I have some lists of interpolated functions and I want to know if there is an easy way to operate with them. A simplified example:

listsin = Table[FunctionInterpolation[Sin[i*x], {x, 0, 2 Pi}], {i, 1, 10}]
listlinear = Table[FunctionInterpolation[i*x, {x, 0, 2 Pi}], {i, 1, 10}]

This generates two lists of ten functions each. I want to be able to perform basic operations with these functions: sums, derivatives and products. I came up with a way that works

listsumd = Table[With[{i = i}, (listsin[[i]]'[#] + listlinear[[i]]'[#]) &], {i, 1, 10}]

But want to know if it is possible to do this without having to iterate through all the elements in the table, just by operating directly on the lists.


2 Answers 2


I'm not sure of the output that you want but this returns a list if functions that should be equivalent to those in your listsumd:

MapThread[{##} /. {sin_, lin_} :> (sin'[#] + lin'[#] &) &, {listsin, listlinear}]

Please see Mathematica Destructuring regarding the code {##} /. {sin_, lin_} :>.

You commented that this is slower than your own code. It is because your code evaluates each Function body to a lesser degree. The output from your code includes e.g. listsin[[1]] (and is dependent on the external definition of listsin) whereas the output from mine includes explicit InterpolatingFunction expressions. I realize now evaluation could be taken a step further: evaluation of the derivatives. This would be slower still in generation, but should be faster in repeated application as it is only done once. Code for the greater evaluation:

MapThread[{#', #2'} /. {sin_, lin_} :> (sin[#] + lin[#] &) &, {listsin, listlinear}]

Also, here is a way to write both forms using Inner and nested Function expressions, just to show alternatives. First without evaluating the derivatives:

Inner[Function[{sin, lin}, sin'[#] + lin'[#] &], listsin, listlinear, List]

And with:

Inner[Function[{sin, lin}, sin[#] + lin[#] &][#', #2'] &, listsin, listlinear, List]
  • $\begingroup$ Yes, that's the output i wanted, I like the MapThread idea, making the code more concise. However, I checked the timing and it seems doing it element by element is faster (not that it matters when it takes .01 seconds). I also wanted to ask if you know, if it is better to work with lists of functions or with functions over lists (in terms of speed, and code legibility) $\endgroup$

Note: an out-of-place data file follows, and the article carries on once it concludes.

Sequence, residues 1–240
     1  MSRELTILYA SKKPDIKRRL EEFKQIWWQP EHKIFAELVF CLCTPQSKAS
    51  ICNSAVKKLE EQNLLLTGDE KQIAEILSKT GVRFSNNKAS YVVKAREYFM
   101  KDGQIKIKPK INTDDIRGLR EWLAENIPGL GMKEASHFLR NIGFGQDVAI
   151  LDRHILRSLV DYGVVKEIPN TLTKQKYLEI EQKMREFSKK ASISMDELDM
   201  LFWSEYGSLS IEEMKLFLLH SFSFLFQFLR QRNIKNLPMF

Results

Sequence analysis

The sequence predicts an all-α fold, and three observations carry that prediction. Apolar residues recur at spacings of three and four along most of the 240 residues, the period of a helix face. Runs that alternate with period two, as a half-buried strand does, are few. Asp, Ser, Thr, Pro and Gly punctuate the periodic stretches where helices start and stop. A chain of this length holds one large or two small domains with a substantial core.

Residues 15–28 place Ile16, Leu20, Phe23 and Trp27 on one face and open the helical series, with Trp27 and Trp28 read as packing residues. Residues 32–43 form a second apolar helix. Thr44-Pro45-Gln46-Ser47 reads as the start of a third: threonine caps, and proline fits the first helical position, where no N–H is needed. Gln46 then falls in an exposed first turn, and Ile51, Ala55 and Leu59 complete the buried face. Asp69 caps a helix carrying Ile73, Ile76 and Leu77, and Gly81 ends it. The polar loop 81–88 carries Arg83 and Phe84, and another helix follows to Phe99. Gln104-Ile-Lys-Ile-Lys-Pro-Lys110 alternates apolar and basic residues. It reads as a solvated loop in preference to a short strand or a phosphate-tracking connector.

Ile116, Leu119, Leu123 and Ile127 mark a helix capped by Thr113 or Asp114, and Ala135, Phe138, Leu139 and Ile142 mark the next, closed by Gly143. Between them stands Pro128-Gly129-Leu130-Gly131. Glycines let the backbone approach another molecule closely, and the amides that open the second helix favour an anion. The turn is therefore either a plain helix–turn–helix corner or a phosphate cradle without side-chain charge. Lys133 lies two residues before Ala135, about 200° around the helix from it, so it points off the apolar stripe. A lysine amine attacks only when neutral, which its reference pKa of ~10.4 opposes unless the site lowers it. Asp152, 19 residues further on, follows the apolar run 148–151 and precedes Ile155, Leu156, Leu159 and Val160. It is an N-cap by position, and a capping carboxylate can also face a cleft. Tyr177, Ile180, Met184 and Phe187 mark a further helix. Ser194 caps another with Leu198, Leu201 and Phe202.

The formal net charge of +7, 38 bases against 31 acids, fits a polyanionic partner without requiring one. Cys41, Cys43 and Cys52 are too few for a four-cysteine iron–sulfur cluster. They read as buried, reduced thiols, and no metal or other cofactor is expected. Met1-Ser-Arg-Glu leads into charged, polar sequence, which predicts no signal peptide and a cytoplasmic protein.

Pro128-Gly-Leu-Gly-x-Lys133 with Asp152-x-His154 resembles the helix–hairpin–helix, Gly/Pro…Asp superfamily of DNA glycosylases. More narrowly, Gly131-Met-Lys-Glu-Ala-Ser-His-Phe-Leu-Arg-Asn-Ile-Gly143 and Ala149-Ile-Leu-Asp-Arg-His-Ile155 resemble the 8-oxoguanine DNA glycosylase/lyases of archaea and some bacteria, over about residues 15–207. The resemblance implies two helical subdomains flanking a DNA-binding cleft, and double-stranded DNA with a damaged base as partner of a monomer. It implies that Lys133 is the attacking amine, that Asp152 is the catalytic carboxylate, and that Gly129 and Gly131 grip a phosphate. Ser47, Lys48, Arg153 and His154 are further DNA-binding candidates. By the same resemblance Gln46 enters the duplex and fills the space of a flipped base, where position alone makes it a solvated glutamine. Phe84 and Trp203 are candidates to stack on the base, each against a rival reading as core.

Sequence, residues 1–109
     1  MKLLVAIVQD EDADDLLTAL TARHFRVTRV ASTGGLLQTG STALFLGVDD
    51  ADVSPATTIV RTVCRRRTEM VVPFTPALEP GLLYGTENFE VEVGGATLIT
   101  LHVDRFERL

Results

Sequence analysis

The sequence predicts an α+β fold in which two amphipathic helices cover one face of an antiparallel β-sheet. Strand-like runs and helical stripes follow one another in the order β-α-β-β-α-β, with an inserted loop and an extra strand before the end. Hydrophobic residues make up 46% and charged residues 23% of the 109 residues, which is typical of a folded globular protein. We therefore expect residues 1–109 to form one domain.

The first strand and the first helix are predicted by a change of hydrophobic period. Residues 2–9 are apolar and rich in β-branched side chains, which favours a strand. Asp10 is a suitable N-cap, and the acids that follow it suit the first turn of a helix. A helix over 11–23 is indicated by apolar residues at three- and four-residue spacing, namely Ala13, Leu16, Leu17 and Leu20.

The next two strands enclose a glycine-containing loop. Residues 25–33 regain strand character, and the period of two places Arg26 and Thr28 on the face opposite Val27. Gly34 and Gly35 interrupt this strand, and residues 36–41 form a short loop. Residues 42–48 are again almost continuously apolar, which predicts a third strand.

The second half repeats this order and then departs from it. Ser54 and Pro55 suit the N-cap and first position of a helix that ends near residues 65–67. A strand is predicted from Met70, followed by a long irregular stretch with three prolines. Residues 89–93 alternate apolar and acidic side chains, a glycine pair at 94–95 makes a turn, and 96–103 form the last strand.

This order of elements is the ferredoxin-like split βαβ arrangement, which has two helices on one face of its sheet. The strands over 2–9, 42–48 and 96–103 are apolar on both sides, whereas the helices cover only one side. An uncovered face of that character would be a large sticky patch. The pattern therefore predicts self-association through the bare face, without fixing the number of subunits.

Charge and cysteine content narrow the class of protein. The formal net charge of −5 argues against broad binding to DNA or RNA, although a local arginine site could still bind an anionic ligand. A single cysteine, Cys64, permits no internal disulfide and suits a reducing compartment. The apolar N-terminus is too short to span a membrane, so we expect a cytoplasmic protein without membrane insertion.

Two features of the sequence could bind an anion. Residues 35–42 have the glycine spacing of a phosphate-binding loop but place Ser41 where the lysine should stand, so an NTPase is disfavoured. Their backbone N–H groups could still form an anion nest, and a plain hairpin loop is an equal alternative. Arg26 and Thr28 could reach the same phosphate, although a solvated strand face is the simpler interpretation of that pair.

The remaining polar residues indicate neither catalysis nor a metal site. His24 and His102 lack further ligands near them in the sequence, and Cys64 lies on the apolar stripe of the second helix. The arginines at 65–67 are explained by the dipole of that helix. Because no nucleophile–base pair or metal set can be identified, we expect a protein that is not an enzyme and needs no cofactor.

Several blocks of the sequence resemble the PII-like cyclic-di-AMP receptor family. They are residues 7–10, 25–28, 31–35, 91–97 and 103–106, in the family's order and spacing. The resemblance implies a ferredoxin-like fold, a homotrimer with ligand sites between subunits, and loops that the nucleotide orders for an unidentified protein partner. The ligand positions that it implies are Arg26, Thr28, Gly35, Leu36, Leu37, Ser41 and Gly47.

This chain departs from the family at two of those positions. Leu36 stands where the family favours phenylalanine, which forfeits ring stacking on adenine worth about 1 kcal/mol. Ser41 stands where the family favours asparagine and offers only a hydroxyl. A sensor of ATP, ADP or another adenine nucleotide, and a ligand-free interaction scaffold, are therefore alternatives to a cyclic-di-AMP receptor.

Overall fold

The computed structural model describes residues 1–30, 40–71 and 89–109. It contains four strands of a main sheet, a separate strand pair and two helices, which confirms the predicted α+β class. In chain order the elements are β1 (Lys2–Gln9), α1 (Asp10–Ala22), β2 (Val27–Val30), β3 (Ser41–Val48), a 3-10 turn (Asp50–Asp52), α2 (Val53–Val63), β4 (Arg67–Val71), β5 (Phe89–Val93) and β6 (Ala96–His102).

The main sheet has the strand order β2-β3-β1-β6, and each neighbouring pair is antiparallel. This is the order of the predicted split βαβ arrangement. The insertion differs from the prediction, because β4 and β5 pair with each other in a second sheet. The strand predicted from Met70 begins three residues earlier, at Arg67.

– Noel
    Mar 14, 2014 at 13:41
  • $\begingroup$ @Noel Please see my updated answer regarding your first point. Regarding your second I would need to see a larger example of your actual application to make a good recommendation. $\endgroup$
    – Mr.Wizard
    Mar 14, 2014 at 14:01
  • $\begingroup$ an example of a list of functions would be a = Table[With[{i = i}, N[Sin[i*#]] &], {i, 1, 10}] (each element on the list is a function) and a function over a list would be b = Table[With[{i = i}, N[Sin[i*#]]], {i, 1, 10}] & (it is a function that returns a list of values). They are conceptually equal (a[[i]][x]==b[x][[i]]). Now, if i wanted to perform a calculation, say, compute an integral over x for a given element i, would there be any difference between those two approaches? $\endgroup$
    – Noel
    Mar 14, 2014 at 15:19

Just an alternative (using definitions listsin,listlinear):

f[x_] := Total /@ Map[#'[x] &, Transpose[{listsin, listlinear}], {2}]

or (to produce pure function as per Mr. Wizard):

g=(Total /@ 
    Map[Function[g, g'[#]], Transpose[{listsin, listlinear}], {2}]) &;


Through[MapThread[{##} /. {sin_, 
       lin_} :> (sin'[#] + lin'[#] &) &, {listsin, listlinear}][3]]

{0.0100104, 3.92033, 0.266653, 7.37543, 1.20151, 9.96203, 3.16562, \ 11.3939, 6.3699, 11.5439}

Similarly f[3] gives:>

{0.0100104, 3.92033, 0.266653, 7.37543, 1.20151, 9.96203, 3.16562, \ 11.3939, 6.3699, 11.5439} and g[3]:

{0.0100104, 3.92033, 0.266653, 7.37543, 1.20151, 9.96203, 3.16562, \ 11.3939, 6.3699, 11.5439}


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